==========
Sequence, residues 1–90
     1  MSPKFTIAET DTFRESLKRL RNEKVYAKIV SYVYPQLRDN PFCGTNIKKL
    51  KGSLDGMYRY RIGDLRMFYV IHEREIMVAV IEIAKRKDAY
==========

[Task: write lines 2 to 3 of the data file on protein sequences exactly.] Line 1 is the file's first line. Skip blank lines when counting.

     1  MSPKFTIAET DTFRESLKRL RNEKVYAKIV SYVYPQLRDN PFCGTNIKKL
    51  KGSLDGMYRY RIGDLRMFYV IHEREIMVAV IEIAKRKDAY